Findings from the RIBA and Fees Bureau’s 2012 Employment and Earnings Survey have been released, showing that the ethnicity of architects is increasingly predominately white.
These are disappointing employment figures from the architectural profession. That 94 per cent of the UK’s architects are white indicates that the issue of diversity is not firmly on the profession’s radar.
We know that the STEM industries traditionally struggle to attract and retain Black, Asian and minority ethnic (BAME) candidates, yet significant effort has been put in over recent years to address this – with some headway being made. However, these RIBA statistics show that despite recognising that the architecture profession as a whole does not reflect the diversity of the nation’s population the architecture industry is failing to engage with diverse candidates.
A challenge for the STEM industry is often the low conversion rates of BAME graduates into employment. It would be interesting to know the number of BAME undergraduates studying architecture and related subjects to clearly understand if and where conversion rates are falling short.
It is widely accepted that diversity can lead to more creative thinking, and innovation is certainly something that drives the architectural profession forward. Yet ensuring fair progression and balanced representation of ethnic minorities in a given workforce from a standing start can be challenging. There are some approaches architecture firms can immediately undertake:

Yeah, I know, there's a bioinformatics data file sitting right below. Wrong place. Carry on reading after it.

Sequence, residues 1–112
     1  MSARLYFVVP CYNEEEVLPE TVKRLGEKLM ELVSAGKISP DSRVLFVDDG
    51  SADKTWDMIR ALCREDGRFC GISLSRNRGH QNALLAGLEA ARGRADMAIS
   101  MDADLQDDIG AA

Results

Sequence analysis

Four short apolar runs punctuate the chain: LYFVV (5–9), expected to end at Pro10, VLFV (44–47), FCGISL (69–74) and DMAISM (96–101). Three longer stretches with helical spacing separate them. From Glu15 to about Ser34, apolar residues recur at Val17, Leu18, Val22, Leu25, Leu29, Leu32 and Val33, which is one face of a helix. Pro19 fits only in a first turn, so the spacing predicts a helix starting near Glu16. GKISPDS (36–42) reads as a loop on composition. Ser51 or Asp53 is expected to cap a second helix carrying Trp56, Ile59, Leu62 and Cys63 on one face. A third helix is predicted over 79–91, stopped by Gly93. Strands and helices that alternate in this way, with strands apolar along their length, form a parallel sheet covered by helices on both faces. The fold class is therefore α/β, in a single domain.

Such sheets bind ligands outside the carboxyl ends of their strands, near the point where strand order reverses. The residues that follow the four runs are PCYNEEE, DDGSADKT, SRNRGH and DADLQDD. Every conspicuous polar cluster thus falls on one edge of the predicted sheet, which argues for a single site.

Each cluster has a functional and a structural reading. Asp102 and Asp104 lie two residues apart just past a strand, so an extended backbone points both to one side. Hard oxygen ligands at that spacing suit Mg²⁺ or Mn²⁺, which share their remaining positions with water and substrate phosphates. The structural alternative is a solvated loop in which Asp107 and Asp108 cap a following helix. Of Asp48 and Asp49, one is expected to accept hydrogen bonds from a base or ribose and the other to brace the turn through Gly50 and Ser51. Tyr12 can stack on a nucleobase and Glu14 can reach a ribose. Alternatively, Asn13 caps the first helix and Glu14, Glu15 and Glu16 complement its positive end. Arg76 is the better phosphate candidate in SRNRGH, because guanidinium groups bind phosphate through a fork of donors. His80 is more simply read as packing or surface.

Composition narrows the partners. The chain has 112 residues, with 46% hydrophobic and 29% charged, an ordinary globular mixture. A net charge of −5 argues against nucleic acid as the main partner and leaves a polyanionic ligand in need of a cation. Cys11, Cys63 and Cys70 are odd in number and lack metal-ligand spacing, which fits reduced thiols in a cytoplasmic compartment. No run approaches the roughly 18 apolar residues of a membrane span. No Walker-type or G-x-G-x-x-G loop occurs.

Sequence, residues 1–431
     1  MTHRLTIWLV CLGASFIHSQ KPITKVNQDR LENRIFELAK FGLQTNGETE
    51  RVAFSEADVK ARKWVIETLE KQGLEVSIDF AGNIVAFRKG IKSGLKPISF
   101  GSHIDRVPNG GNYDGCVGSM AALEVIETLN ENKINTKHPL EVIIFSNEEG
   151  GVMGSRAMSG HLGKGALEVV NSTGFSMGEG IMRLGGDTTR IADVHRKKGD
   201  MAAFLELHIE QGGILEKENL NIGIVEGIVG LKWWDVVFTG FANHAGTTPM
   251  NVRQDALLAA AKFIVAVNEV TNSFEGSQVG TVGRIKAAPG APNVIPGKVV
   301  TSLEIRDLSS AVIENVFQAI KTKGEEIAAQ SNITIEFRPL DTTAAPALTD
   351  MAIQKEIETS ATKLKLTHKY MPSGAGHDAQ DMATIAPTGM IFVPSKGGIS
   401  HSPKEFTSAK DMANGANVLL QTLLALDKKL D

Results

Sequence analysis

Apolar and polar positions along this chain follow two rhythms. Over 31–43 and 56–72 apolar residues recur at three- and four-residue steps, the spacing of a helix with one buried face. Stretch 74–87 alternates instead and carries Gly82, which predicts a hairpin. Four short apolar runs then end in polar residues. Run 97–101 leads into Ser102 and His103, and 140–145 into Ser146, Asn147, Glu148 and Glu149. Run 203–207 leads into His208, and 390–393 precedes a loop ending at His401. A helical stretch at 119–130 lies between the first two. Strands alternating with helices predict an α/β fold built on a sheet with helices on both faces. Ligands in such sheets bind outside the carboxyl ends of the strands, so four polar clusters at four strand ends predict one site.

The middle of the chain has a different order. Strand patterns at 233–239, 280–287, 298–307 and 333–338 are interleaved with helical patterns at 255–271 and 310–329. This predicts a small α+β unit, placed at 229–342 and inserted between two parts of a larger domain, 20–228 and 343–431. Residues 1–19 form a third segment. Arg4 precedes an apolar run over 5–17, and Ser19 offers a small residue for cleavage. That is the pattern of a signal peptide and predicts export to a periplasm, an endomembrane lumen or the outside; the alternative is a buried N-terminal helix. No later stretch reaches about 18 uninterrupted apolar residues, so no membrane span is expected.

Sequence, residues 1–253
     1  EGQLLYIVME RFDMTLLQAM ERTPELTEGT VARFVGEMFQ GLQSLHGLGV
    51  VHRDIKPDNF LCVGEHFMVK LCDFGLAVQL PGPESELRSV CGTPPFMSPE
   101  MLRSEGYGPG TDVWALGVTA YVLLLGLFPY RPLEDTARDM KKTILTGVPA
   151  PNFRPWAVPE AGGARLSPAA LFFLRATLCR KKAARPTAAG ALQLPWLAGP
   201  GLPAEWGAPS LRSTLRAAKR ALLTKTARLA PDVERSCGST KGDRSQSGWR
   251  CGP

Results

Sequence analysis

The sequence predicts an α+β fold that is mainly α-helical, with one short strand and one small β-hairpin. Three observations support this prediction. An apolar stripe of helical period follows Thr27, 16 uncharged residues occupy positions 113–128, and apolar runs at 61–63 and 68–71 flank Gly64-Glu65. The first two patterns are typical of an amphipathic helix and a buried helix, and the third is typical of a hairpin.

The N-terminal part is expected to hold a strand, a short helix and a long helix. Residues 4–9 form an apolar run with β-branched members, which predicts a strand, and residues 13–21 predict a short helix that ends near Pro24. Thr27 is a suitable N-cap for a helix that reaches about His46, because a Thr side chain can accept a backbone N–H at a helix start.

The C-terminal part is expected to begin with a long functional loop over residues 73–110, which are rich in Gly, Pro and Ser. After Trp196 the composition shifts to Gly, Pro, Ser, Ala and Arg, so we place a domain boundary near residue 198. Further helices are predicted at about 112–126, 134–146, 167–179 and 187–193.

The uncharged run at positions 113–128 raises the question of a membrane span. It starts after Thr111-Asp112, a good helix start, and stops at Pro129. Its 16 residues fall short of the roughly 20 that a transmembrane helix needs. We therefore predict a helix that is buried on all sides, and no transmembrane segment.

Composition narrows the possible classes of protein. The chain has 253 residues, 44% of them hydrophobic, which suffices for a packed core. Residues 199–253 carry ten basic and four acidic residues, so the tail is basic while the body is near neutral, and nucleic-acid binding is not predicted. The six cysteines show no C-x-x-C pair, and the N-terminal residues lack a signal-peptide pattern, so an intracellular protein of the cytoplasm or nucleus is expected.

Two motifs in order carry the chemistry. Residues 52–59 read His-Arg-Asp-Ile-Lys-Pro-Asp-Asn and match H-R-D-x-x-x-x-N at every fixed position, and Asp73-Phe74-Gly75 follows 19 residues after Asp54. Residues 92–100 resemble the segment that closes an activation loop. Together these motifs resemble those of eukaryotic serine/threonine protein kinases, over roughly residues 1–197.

- Monitor every stage of the undergraduate to recruitment process to see where BAME candidates are dropping out
- Widen the net of universities and networks traditionally used to recruit graduates from – this will break the ‘like-for-like’ recruitment cycle and increase the feeder talent pool
- Improve direct engagement with diverse architecture undergraduates to identify top talent early on
- Clearly advertise and promote yourself as a diverse employer – ask recruiters to present a diverse shortlist
- The architecture profession should also consider more active engagement with schools to demonstrate to young BAME students the breadth of careers available to them in architecture, and that it is a profession that welcomes ethnic minorities.
Further guidance on increasing diversity in the recruitment process is available from the Race for Opportunity Recruitment Industry Engagement research.